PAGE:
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U.S. newspaper calls for pressure on Congress to pass Sudan’s deal on terror list

U.S. Congress (Reuters photo)
September 28, 2020 (KHARTOUM) - The Wall Street Journal (WSJ) has called for more pressure on the Congress to pass a deal removing Sudan from the list of countries supporting terrorism saying it would be a big diplomatic victory for Trump administration.

Two Democrat Senators Chuck Schumer and Bob Menendez say they would not vote legislation restoring Sudan’s sovereign immunities because the deal prevents the victims of 9/11 attacks from suing Sudan which is now accused of supporting al-Qaeda group in this horrible terrorist operation.

Initially, Menendez raised the issue of some African victims of Nairobi and Dar es Salam attacks saying they deserve to receive more money because they are now U.S. citizens. But recently he focused on the 9/11 victims.

"Sudan is pulling away from terror networks and toward the West, and the Trump Administration has to push Congress harder on the issue to ensure success," said the WSJ in its editorial on Monday.

"It would be an important diplomatic achievement in a part of the world where those don’t come often," further stressed the editorial.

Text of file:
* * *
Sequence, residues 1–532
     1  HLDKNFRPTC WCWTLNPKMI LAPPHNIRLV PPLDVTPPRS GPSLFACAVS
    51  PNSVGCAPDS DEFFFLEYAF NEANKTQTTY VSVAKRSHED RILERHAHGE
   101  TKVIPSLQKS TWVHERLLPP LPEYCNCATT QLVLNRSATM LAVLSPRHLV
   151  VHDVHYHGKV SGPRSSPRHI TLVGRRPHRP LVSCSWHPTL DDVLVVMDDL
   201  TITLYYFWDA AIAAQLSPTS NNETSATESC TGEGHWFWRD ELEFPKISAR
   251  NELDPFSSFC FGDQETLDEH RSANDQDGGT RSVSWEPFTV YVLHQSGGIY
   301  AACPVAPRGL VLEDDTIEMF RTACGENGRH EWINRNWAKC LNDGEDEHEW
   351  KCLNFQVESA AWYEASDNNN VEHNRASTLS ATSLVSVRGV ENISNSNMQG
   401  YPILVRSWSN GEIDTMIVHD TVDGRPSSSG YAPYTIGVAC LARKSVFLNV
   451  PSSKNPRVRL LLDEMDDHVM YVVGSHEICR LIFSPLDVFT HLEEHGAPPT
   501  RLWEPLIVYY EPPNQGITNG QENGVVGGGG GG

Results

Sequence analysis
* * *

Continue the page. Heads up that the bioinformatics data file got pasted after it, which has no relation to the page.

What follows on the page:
The daily pointed out that the 9/11 victims already have been compensated by Congress, adding that by pushing for more now they risk damaging the antiterror cause and harming U.S. interests in the region.

Trump administration has been under international pressure to remove Sudan from the terror list. European Union countries and Washington allies in the Middle East including Israel, Saudi Arabia, and UAE and others have backed the delisting.

Also, the visibly electoral logic of the two senators who are from New York and New Jersey, two constituencies affected hard by the 11/9 attacks, pushed American Sudanese to launch a campaign to press the two Democrats senators to endorse the legislation.

However, some of them regretted the silence of the Democrat Party leaders who did not intervene to dissuade the two senators from blocking a deal crucial to relieve the whole Sudan.

Also, the deal has bipartisan support in Congress. Senator Christopher Coons, a Democrat, has drafted the legislation to restore Sudan’s sovereign immunities before US courts.

This is the second the WSJ dedicate its editorial to support Sudan’s removal from the terror list. On 10 August it also exhorted the U.S. administration to speed un Sudan removal from the terror list.

(ST)